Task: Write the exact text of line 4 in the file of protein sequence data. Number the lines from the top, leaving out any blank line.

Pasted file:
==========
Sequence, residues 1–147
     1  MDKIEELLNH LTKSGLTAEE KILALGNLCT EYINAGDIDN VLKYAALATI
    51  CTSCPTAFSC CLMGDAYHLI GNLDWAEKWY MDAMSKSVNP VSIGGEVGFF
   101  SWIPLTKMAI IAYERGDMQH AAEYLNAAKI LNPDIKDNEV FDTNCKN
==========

   101  SWIPLTKMAI IAYERGDMQH AAEYLNAAKI LNPDIKDNEV FDTNCKN